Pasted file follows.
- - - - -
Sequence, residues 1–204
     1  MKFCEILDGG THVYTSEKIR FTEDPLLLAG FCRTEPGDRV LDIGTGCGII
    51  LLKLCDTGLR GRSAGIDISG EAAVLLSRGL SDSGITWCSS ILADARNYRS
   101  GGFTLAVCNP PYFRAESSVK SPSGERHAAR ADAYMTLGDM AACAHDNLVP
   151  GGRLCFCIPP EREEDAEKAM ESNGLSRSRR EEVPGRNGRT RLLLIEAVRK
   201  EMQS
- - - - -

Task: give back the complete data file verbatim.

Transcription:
Sequence, residues 1–204
     1  MKFCEILDGG THVYTSEKIR FTEDPLLLAG FCRTEPGDRV LDIGTGCGII
    51  LLKLCDTGLR GRSAGIDISG EAAVLLSRGL SDSGITWCSS ILADARNYRS
   101  GGFTLAVCNP PYFRAESSVK SPSGERHAAR ADAYMTLGDM AACAHDNLVP
   151  GGRLCFCIPP EREEDAEKAM ESNGLSRSRR EEVPGRNGRT RLLLIEAVRK
   201  EMQS